39. On 18 November, the Secretary-General launched a flash appeal requesting the international community to contribute $259.4 million to address the most immediate requirements in food, health, nutrition, water and sanitation, agriculture, coordination, logistics and communications in eastern Zaire and Rwanda. The appeal is for a three-month period and will be followed by a one-year inter-agency consolidated appeal to be launched in late January 1997. The flash appeal takes into account the 1996 inter-agency consolidated resource mobilization document, for which 80.6 per cent of funds had been received as at 4 November and from which initial stocks of supplies, material and equipment were purchased and the hiring of a number of staff was made possible to address the immediate situation. The Secretary-General is encouraged that nearly 30 per cent of this amount has been pledged so far.
40. The sudden and unexpected return puts a strain on two other aspects of assistance. The United Nations Human Rights Field Operation in Rwanda has a current strength of 107 human rights observers. It is of great importance that this should be quickly raised to the planned strength of 200 observers in order to cover larger areas of the country to which refugees are currently returning. It is estimated that by January 1997 an additional 100 human rights observers will also be required. The second issue concerns the transport of returnees from the border to their places of origin. Funds for this purpose will be required faster than initially anticipated. United Nations agencies are likely to need to call upon additional staff to assist with their respective programmes. One possible source will be the United Nations Volunteers programme, which has already provided valuable assistance in the Great Lakes region.
41. As of the date of the present report, the nature, strength, composition, mandate and modus operandi of the multinational force envisaged under resolutions 1078 (1996) and 1080 (1996) are still under consideration by the Member States concerned. As long as the Member States involved in the discussions have not taken a final decision on all these matters, it would not be possible for the Secretary-General to present to the Council a detailed concept of operations for the proposed follow-on humanitarian task force. The situation since the adoption of the relevant resolutions by the Council has changed substantially and is still evolving rapidly. The mandate, structure and composition of the proposed humanitarian task force will depend, inter alia, on the tasks that the multinational force, if and when deployed, will have accomplished at the time of transition, the tasks that will remain to be carried out, the logistic support that the Member States participating in the multinational force will be prepared to transfer to the successor mission and the number of Member States that, having contributed contingents to the multinational force, will choose to continue to contribute to the humanitarian task force.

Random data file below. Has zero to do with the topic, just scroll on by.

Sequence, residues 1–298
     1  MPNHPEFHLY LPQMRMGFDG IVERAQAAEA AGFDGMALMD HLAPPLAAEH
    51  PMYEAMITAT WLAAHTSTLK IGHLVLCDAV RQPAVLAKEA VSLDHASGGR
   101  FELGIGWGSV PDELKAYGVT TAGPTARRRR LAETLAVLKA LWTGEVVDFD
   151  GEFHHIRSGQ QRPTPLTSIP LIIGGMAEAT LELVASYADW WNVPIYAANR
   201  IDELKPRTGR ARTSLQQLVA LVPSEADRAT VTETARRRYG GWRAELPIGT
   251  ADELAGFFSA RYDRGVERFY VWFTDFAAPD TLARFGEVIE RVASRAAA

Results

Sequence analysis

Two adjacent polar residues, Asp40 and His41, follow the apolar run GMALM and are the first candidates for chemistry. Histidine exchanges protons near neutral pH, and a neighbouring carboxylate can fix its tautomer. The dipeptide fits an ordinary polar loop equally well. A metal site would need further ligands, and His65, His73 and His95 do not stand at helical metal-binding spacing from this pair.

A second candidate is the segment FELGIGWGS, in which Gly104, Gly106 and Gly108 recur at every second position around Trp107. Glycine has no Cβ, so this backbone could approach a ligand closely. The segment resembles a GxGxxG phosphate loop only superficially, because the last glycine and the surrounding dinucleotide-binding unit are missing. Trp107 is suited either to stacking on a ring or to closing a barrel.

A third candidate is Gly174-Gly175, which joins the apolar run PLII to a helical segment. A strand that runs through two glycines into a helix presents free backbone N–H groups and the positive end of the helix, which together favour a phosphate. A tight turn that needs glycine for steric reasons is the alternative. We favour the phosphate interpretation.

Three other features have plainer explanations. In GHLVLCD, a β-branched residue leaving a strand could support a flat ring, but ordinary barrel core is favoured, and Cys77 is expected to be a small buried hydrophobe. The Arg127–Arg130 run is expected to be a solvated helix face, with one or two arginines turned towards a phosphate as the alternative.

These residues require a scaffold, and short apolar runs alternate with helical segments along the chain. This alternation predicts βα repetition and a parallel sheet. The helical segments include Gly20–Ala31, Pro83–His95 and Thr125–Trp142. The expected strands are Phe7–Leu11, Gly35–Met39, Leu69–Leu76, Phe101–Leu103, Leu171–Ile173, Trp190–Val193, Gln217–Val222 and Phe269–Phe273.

42. Seldom have humanitarian problems been so closely intertwined with historical, political, sociological and legal considerations as in the Great Lakes region. As a result of the recent outbreak of military activity in North and South Kivu, the humanitarian situation is undergoing dramatic changes and is likely to continue to evolve rapidly in the coming weeks.
43. On the basis of the experience of the past two years, the international community has come to recognize that the presence of more than one million refugees on the borders of their country of origin constitutes a serious destabilizing factor for the entire region. The present situation in eastern Zaire, in all its complexity, may offer the international community a unique opportunity to address the roots of the problem that led to the establishment and perpetuation of the refugee camps there. This opportunity must not be missed, nor must the immediate humanitarian emergency be neglected. Hundreds of thousands of refugees have already returned to Rwanda and that is a most welcome development. However, hundreds of thousands more, in addition to large numbers of internally displaced Zairians, are still scattered in eastern Zaire without access to help from the international community. That must be our first priority. There must be no return to the status quo ante and above all no re-creation of the refugee camps in eastern Zaire. But we must at the same time work both on the smooth reintegration of returnees into their home communities and on a longer-term solution to the deep-rooted problems that turned them into refugees in the first place.